Pitcher Replacement Level

Still on vacation, but since I have a moment: I’ve been thinking about replacement level for pitchers a lot recently. What is a replacement level pitcher? To me, a replacement level pitcher is the type that cannot keep a spot on a major league roster, but is good enough to pitch in the major leagues in place of an injured starter or for the Kansas City Royals.
I’ve heard a lot of very smart people say that to pitch in the major leagues, you have to have a BABIP of .330 or lower. So let’s say that a replacement level pitcher has league average fielding indepent (HR, BB, SO) rates, but a .330 BABIP since he is a fringe player. How many extra hits will he allow over an average pitcher? About 2.3. Given that the average ball in play is worth roughly .55 runs, he would allow roughly 1.3 runs more per game than a league average pitcher, meaning that a replacement level pitcher is roughly 78% of a league average pitcher. Baseball Prospectus says the number is 80; that seems about right.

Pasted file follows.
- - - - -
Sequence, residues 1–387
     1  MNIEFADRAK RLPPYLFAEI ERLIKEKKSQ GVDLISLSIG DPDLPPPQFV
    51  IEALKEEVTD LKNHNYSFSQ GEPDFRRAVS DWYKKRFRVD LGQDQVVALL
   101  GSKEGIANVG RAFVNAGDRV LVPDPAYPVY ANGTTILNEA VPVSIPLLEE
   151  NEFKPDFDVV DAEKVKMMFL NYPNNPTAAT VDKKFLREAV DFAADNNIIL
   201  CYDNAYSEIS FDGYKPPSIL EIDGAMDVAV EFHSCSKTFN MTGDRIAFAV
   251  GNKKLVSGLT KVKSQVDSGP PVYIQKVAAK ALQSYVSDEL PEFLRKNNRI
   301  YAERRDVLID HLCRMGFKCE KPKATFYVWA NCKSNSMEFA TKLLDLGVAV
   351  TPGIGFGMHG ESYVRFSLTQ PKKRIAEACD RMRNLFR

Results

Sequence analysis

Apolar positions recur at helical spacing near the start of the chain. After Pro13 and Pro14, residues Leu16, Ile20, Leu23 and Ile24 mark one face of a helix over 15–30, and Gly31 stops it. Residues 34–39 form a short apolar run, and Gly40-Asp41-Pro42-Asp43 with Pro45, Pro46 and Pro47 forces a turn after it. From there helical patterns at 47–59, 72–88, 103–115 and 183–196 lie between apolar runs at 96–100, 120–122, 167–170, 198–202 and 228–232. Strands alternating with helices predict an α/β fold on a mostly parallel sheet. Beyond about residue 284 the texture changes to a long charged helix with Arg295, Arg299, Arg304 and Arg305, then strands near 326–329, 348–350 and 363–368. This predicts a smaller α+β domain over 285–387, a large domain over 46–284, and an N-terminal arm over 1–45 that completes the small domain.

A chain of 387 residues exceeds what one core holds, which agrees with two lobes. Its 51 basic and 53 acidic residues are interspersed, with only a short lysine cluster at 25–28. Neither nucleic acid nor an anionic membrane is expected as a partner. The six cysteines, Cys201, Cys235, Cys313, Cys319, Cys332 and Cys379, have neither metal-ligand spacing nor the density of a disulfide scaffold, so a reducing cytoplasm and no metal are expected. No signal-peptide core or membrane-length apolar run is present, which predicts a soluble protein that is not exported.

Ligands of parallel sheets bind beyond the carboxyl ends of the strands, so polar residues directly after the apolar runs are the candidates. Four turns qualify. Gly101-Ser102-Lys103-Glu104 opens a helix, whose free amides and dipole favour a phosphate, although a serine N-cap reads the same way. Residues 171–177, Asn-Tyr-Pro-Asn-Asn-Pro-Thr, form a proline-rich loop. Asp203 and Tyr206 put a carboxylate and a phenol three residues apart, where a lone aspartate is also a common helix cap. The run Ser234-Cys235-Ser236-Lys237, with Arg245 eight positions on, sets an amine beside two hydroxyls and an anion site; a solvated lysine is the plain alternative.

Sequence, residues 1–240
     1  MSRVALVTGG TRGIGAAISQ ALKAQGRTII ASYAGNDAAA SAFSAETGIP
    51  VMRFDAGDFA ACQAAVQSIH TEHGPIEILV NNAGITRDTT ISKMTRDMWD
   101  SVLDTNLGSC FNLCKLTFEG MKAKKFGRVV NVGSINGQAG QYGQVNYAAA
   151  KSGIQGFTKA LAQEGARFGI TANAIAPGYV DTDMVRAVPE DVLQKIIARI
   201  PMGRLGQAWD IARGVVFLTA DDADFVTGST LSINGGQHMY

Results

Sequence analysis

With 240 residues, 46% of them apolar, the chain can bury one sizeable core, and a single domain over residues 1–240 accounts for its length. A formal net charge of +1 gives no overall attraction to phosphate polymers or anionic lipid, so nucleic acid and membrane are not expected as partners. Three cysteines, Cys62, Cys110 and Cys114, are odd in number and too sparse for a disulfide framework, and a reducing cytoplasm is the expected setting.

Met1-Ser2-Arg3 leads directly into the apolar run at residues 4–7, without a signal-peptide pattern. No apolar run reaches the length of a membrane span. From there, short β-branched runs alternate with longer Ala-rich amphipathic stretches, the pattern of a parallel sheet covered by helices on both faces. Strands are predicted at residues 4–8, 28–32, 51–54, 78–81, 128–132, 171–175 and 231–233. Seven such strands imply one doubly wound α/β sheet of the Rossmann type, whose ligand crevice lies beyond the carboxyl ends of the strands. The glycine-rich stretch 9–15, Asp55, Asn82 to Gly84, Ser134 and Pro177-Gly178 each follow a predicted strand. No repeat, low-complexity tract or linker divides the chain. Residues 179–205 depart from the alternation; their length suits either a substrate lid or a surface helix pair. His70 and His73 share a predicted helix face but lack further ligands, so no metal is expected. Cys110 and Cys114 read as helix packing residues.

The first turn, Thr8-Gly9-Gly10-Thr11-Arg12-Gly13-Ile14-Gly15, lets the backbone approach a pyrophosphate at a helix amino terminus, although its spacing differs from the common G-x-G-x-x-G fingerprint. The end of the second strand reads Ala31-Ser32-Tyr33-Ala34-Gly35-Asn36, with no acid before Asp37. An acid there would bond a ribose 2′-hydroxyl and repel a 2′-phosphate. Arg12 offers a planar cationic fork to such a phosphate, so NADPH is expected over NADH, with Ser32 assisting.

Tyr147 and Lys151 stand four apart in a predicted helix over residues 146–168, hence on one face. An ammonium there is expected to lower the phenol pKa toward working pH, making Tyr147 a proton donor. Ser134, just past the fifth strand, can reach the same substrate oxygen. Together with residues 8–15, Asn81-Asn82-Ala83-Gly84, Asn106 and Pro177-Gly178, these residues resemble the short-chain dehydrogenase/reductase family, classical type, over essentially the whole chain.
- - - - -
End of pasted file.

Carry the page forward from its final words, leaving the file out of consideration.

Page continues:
3 Responses to Pitcher Replacement Level

  1. SaberTJ says:

    Isnt BAPIP pretty random though?doesnt it jump up and down yearly for most pitchers? Unless im thinking of a different statistic.

  2. David says:

    BABIP does have a lot of year-to-year variance. However, some pitchers do have some control over their BABIP. Since BABIP is mostly a function of how many line drives a pitcher allows, or in other words, how hard a ball is hit, pitchers that are not good enough to be major league regulars will have higher than normal BABIPs.

  3. SaberTJ says:

    I can understand that..thank you. I believed ive read the same thing.

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